Coeure Says ECB Not Reversing Course on Policy With New Package

(Bloomberg) -- The European Central Bank’s decision to offer new loans to banks and extend the period of record-low rates doesn’t mean officials are reversing course on policy, Executive Board member Benoit Coeure said.

In an interview with Italy’s Corriere della Sera newspaper, Coeure defended the decision taken on Thursday, saying policy makers were only reacting to a slowdown that came sooner than they expected, but wasn’t a surprise. Policy makers are not seeing signs of a recession “at present” and inflation will eventually reach their goal of just under 2 percent, but get there more slowly.

“We knew that euro-area growth would adjust towards its potential rate,” Coeure, who runs market operations at the ECB, said in the interview published Monday. “But those decisions don’t represent a turnaround in our policy; they have been carefully calibrated to this diagnosis.”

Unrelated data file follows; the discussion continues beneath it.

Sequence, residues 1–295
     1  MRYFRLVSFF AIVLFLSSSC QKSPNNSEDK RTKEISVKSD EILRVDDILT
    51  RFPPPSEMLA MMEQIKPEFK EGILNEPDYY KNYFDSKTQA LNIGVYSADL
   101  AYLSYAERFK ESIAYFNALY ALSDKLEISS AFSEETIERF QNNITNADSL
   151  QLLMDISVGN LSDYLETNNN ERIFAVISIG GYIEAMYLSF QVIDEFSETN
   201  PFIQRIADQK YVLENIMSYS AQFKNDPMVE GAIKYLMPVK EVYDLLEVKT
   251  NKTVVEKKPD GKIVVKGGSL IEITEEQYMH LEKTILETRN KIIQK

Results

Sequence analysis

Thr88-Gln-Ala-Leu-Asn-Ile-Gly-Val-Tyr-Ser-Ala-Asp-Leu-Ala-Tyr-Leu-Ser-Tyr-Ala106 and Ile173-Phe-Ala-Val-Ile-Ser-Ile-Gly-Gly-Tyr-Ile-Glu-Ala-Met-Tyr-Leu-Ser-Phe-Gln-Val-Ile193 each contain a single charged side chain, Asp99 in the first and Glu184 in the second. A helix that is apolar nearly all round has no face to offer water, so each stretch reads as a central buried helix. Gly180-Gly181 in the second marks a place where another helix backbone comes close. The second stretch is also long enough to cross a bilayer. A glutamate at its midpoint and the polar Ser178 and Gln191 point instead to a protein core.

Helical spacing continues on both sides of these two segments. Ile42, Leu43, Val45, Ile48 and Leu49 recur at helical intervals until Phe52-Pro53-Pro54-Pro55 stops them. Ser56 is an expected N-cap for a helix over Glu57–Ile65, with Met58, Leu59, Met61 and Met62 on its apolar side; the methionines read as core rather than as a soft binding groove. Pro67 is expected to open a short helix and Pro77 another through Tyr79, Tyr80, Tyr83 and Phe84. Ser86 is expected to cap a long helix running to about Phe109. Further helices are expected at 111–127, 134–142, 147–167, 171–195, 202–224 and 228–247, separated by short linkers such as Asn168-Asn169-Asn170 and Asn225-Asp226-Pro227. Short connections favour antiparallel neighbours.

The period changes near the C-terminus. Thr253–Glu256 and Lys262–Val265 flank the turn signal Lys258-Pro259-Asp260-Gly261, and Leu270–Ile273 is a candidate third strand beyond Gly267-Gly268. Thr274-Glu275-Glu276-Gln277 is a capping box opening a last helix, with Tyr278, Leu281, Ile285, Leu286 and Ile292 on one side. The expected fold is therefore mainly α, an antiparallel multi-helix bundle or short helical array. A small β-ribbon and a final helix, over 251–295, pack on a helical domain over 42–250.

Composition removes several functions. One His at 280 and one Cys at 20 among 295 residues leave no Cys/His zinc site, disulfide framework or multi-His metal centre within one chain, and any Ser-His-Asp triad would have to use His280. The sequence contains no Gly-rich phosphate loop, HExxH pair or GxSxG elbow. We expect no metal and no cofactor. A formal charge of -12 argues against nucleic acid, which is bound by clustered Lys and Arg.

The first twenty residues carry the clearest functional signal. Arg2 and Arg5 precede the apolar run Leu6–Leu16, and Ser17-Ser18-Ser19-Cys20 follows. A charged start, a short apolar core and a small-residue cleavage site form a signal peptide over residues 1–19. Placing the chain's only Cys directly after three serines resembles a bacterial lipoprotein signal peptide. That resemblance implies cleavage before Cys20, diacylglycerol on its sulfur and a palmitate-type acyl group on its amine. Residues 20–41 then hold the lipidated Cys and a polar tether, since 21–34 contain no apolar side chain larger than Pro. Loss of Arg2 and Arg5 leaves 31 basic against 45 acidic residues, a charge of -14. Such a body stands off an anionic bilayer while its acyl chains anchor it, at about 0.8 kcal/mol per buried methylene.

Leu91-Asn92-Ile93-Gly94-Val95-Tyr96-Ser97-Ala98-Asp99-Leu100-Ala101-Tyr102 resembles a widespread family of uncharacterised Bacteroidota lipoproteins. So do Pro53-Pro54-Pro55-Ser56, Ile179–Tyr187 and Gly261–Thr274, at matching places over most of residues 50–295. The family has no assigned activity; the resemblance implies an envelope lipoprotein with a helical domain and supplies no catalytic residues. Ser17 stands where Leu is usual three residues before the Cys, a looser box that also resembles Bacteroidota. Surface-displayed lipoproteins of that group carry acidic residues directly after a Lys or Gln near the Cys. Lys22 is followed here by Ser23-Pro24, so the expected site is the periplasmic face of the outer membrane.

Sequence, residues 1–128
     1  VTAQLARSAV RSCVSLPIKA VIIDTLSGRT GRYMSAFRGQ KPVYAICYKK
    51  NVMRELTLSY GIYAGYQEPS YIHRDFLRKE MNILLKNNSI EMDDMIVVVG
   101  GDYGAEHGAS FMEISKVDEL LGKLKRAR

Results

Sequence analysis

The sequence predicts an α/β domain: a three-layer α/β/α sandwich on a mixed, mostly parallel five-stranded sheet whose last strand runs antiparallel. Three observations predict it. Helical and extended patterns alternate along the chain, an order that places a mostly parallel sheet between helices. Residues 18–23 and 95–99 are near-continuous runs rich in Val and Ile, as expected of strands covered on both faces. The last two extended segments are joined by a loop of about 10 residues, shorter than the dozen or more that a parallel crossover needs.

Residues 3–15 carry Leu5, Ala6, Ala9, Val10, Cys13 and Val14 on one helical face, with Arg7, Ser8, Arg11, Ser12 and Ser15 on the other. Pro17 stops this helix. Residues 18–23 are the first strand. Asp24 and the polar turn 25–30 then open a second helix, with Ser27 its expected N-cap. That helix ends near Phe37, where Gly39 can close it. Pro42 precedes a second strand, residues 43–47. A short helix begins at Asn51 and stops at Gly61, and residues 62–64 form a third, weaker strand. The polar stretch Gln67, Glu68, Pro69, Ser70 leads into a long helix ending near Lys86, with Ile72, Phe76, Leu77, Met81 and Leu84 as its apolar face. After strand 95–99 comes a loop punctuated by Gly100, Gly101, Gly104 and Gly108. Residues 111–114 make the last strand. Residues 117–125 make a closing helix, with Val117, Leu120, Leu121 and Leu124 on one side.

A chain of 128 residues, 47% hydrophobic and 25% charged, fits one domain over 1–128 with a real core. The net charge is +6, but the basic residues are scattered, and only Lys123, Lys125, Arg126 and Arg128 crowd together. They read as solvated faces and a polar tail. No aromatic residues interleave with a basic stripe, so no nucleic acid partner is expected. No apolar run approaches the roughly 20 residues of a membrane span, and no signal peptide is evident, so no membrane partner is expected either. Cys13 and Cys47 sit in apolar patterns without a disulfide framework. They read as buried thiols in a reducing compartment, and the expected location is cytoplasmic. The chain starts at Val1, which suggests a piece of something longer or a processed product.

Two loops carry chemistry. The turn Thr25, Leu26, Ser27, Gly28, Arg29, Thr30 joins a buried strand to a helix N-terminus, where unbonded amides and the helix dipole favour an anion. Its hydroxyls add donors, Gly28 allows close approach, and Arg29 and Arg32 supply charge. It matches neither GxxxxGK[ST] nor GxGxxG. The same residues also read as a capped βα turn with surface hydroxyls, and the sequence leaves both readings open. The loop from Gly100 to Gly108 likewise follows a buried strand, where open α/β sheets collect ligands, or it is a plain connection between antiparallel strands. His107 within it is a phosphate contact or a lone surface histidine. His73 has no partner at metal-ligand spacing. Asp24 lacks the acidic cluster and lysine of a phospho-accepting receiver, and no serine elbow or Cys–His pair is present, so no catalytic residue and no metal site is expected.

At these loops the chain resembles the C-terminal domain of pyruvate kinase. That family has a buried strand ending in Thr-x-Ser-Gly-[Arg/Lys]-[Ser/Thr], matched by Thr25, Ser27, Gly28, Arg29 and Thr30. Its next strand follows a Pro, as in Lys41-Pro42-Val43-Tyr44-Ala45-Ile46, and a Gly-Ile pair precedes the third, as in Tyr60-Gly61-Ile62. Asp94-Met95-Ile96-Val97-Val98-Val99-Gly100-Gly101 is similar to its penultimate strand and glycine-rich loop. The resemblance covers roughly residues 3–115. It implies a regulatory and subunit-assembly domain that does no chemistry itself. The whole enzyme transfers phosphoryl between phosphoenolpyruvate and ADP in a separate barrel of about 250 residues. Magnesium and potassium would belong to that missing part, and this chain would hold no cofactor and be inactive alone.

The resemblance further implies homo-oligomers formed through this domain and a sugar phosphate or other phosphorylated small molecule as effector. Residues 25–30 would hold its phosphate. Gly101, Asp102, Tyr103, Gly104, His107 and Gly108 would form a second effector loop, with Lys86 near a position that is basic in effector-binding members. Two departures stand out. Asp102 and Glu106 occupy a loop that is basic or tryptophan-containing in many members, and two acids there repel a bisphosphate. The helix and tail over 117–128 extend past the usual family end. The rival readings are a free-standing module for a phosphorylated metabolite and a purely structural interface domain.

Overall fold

Coeure is joining other ECB officials in defending their latest monetary-policy action against criticism that it made a mistake by ending bond-buying program last year despite signs of weakening expansion in the 19-nation region. His Executive Board colleague Yves Mersch said on Friday the package was a preemptive move against downside risks to the economy that were mainly external and outside policy makers’ influence.

The Governing Council decided on Thursday it will offer banks fresh longer-term funding and keep interest rates at record low at least until the end of this year. It previously signaled an increase was possible as early as September.

Coeure said there was no need to restart its quantitative-easing program as the ECB was still seeing “robust economic growth, although it’s less strong than before,” while this instrument is now part of the ECB’s toolbox.

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